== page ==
Description This site features a digitized version of a 1895 Atlas, originally published by Rand McNally. In addition to State and County map images, it includes city indexes. As an example of the value of the historical perspective this presents, the index entry for Spencer, WV, shows a population of 431, a post office and railroad, but no Express office.
Description From the Dr. William M. Scholl Center for American History and Culture and The Newberry Library comes this comprehensive atlas of county formations and boundary changes covering the entire United States. The Interactive Map feature allows you to see the county boundaries on any given date.
Description GNIS provides a searchable database of geographic features from the U.S. Geological Survey. Features include populated places, cemeteries, streams, lakes, and more. Each feature is linked to a variety of mapping options, allowing easy access to topographic and aerial images.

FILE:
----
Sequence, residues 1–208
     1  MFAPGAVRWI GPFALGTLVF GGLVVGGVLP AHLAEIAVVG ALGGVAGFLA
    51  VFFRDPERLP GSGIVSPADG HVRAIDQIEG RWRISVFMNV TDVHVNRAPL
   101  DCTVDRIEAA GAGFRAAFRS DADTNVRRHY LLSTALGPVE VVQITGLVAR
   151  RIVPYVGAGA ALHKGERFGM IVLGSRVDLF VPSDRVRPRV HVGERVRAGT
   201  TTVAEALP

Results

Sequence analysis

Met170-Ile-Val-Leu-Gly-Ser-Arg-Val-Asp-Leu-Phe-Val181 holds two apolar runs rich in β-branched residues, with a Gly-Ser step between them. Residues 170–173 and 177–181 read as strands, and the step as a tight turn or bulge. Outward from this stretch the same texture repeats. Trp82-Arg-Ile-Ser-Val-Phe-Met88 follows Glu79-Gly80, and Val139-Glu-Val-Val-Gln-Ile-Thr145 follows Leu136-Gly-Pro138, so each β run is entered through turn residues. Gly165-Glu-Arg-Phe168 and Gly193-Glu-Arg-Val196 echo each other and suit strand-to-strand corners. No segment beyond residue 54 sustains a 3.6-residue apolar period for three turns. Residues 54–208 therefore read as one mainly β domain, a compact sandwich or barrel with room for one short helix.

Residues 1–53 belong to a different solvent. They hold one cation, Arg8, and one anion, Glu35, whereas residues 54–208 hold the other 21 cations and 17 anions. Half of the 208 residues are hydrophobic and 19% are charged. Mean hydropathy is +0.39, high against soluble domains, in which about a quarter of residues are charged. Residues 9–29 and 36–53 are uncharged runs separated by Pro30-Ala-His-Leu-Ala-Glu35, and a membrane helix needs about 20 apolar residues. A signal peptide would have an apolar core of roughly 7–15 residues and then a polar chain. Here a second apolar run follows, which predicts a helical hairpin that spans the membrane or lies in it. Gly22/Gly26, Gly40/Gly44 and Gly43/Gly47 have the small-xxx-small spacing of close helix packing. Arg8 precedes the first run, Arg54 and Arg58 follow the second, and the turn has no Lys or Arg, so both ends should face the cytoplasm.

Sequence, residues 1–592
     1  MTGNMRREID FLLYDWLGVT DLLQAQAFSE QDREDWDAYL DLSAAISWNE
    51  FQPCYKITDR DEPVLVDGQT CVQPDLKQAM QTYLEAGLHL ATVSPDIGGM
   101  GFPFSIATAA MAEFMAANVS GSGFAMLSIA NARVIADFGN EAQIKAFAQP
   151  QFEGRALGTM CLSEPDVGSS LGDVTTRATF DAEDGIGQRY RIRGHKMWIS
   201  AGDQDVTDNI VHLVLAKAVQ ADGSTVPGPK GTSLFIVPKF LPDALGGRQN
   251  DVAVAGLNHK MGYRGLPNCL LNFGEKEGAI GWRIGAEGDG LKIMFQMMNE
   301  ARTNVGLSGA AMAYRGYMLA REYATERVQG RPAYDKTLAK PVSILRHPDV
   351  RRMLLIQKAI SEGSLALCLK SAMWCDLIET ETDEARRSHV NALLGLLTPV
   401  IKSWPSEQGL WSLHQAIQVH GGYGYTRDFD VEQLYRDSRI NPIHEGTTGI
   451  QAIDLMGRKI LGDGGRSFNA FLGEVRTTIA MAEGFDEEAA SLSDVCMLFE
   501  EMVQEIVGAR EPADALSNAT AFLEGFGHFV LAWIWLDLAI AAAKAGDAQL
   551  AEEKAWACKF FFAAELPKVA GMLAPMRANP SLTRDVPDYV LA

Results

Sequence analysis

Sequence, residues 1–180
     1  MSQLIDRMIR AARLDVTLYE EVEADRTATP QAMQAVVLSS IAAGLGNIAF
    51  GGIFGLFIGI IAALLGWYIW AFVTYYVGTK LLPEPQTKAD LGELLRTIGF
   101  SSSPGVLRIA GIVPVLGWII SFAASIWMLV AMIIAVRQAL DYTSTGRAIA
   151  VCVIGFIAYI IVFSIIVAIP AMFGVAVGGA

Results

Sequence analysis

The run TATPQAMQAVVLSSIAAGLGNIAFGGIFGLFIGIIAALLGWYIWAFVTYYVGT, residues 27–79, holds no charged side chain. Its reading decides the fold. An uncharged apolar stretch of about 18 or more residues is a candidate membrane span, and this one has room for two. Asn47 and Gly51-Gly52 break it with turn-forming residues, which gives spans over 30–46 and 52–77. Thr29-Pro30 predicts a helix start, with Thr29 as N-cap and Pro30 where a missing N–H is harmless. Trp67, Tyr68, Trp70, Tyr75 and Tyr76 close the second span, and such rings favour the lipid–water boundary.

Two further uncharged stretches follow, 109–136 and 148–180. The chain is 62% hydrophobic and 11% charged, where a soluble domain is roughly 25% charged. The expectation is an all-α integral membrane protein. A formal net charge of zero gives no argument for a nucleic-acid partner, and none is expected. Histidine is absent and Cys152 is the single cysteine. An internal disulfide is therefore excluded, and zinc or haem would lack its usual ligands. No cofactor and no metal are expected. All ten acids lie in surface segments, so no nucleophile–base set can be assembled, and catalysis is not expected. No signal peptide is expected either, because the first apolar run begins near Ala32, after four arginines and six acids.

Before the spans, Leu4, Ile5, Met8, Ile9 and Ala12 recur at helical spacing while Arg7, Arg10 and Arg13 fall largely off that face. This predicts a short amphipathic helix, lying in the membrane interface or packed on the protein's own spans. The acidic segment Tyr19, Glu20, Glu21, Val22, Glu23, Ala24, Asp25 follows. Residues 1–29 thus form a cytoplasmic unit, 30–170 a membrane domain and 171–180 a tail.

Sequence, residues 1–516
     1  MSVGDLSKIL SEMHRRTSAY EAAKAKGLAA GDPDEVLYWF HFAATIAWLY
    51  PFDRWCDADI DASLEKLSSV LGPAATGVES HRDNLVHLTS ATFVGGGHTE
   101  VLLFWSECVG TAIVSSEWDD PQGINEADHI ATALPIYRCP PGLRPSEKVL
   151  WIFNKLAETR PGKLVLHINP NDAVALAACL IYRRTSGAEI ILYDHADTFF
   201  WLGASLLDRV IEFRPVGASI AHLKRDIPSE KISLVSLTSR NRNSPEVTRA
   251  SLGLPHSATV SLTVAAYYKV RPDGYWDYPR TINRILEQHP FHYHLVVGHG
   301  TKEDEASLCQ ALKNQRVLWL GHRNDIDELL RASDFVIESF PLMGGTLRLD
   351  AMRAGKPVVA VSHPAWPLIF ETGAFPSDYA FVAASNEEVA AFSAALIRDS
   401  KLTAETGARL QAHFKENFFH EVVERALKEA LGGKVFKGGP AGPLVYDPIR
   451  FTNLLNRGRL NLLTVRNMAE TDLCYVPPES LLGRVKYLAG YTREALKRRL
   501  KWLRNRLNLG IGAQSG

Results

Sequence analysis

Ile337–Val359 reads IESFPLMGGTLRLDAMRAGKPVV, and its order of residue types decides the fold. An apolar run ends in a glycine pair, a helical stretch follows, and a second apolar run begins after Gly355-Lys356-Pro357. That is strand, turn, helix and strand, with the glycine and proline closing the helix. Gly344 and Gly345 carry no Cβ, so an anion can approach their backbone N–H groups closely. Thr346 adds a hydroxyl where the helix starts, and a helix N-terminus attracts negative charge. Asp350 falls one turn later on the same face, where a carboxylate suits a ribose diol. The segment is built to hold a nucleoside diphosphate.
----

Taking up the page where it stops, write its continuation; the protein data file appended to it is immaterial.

Description This site bills itself as "A Glossary of Archaic Medical Terms, Diseases and Causes of Death, The Genealogist's Resource for Interpreting Causes of Death" and it delivers. This collection is thorough and its descriptions include source citations, and often links to additional related material. This is a very impressive work, and a valuable tool.
Description So you finally found your 3rd great grand uncle Fred's tombstone, and it reads 88 years, 3 months and 12 days, and you are left scratching your head thinking you might have had another cup of coffee if you had known there was going to be a math test involved. Well, here is a little utility to make quick work of the calculations including both common methods, so you can check for ambiguity as well.
Description West Virgina can present some unique challenges to the researcher when one discovers that particular ancestor that never moved from his birthplace, but none the less lived in two different states and four different counties. These maps provide coverage of every significant boundary change for Virginia from 1617 to present day. By extension, this covers portions of Kentucky and all of West Virginia.